Stephen King says, “If you don’t have time to read, you don’t have the time or the tools to write. Simple as that.” That’s okay advice for people who want to write. Writing is definitely about reading. As one who loves to do both I could probably have a lot of fun with this–including wondering how many writers love to read what they have written.
Many folks know that I have worked with second and third graders on a volunteer basis for quite a few years. Much of that work is geared to encourage them to read–and, hopefully, to develop a love of learning. One of the little poems we share at the beginning of the year is:
The more you read, the more you know.
The more you know, the smarter you grow.
The smarter you grow, the stronger your voice.
When speaking your mind or making your choice.
After making some presentations to third graders in an assembly last year, I joked with a teacher about the need to offer some public speaking curriculum to third graders since none would give an acceptance speech. After thinking about it, maybe it’s not a joke. Afterall, we are trying to create an integrated education for our kids, right? And if reading makes you smart and being smarter makes your voice stronger, shouldn’t you be able to speak (and write) with greater confidence and skill–at any age?
Another interesting conversation I had recently was with a media and communications professional. We were sharing some thoughts about how much media has changed in the last decade and ended up discussing the need for “media relations” training for elementary school kids. These kids are, after all, at least social media darlings as young as babies when their parents post their photos on Facebook and other media. While this might be a topic unto itself, a reality is that a lot of kids are “stressed” over their image at increasingly young ages–partly because they haven’t learned how to manage that image.
It was bad enough when we had to worry about the Three R’s without these added challenges. But it’s also still arguable that a good foundation in “reading and ‘riting and ‘rithmetic” would certainly help with the challenges and perhaps allow children to have stronger voices and make better choices.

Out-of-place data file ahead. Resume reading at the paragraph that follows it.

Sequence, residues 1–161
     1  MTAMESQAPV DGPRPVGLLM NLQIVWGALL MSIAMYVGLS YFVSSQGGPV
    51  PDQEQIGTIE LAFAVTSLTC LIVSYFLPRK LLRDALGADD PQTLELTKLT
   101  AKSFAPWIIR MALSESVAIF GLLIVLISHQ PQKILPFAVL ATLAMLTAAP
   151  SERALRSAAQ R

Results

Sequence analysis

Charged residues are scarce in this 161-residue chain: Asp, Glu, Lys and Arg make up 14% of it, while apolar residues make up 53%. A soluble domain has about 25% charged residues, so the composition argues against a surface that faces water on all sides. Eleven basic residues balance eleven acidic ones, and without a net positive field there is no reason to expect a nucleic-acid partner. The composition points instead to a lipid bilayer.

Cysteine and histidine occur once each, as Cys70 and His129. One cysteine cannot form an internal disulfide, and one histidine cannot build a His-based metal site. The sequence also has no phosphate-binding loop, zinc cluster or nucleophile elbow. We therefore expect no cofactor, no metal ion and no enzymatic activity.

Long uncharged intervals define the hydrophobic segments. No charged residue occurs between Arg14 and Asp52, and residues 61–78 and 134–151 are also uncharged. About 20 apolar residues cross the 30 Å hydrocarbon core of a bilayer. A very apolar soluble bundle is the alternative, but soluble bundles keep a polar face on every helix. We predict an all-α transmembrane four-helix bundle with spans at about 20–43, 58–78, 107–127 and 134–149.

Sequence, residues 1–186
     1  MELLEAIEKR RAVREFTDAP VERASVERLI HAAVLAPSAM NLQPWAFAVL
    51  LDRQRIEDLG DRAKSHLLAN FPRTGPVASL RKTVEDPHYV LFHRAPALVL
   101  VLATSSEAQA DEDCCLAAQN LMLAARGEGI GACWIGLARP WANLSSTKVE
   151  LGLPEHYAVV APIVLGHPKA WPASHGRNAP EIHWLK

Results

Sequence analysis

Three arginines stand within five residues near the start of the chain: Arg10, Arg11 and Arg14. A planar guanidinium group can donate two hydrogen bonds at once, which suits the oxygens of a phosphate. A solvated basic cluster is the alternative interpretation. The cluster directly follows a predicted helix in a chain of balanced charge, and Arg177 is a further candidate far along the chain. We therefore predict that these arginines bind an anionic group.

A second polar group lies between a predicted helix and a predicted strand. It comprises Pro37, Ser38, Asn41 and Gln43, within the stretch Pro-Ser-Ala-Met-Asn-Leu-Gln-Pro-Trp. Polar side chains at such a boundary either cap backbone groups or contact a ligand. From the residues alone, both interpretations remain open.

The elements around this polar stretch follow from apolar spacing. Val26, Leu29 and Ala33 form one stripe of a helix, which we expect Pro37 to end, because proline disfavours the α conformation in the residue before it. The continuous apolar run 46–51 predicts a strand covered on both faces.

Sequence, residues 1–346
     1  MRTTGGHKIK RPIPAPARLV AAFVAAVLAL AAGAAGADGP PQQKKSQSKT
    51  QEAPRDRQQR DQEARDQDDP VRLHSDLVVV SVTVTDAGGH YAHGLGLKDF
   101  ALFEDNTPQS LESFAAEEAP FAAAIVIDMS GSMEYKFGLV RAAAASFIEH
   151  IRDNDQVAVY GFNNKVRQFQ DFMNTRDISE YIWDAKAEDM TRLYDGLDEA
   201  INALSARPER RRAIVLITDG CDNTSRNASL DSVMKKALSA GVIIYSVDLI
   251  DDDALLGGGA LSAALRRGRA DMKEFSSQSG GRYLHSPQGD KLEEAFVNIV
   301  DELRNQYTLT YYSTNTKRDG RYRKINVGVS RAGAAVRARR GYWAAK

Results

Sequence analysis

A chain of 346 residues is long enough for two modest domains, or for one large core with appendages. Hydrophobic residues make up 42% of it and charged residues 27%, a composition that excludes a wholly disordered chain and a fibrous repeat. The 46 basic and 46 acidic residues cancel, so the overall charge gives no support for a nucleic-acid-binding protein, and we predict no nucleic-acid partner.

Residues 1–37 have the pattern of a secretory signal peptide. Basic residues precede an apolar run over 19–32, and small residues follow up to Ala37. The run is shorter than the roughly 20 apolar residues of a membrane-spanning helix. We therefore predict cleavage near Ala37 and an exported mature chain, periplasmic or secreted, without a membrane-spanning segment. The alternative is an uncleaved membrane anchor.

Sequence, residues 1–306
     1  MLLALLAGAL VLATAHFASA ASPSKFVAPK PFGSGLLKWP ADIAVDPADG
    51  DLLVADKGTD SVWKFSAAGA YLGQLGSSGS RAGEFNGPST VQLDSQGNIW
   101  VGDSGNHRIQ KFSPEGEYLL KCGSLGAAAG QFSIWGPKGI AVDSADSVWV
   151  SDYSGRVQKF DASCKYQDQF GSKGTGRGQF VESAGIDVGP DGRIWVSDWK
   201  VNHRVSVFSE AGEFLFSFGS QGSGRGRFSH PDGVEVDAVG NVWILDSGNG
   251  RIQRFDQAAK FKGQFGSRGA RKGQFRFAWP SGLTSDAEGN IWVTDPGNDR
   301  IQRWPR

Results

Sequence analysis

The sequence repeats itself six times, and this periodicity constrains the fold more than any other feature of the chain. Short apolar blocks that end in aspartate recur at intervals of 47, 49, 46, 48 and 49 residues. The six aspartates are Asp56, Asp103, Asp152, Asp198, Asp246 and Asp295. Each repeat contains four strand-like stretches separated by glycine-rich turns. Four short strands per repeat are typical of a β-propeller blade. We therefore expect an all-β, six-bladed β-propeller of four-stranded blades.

I’m increasingly pleased and impressed at the numbers of kids who talk about reading at home with a parent or grandparent. (I have a great story to share about the nine year old reading the newspaper to his grandfather in the waiting room at my chiropractor’s office.) While the work of making shared reading the norm is certainly far from complete, what about the second “R” — writing?
The good news is adults (and kids) are “writing” more… the bad news is much of that writing is poor at best. And the worse news is the media doesn’t always encourage or reward traditional writing skills. (I admit–it’s interesting to consider what Mark Twain might have “tweeted.” It’s even more interesting to consider what he would have thought about the challenge of writing something meaningful using less than 140 characters or letters.)
So here’s the challenge… if you are reading with a kid, why not introduce the idea of writing? If it seems a bit more intimidating there’s a good resource for you. You can download a 17 page guide with lots of tips for how to help your kids improve their writing skills–and make the process more natural and fun. (I suspect you could use a few of them on yourself as well!) A better idea might be to contact his or her teacher since not all school systems use the exact same vocabulary and curriculum, but in general any stimulation and encouragement will be good.
I’ve always been grateful to one college professor–“Mr. Bailey.” He taught us to write for sure, but more importantly, he made us write. Every day. One sentence was allowed, but by the end of the semester it was hard to stop with one. You can get better simply by doing things.
We’re not going to talk about ‘rithmetic.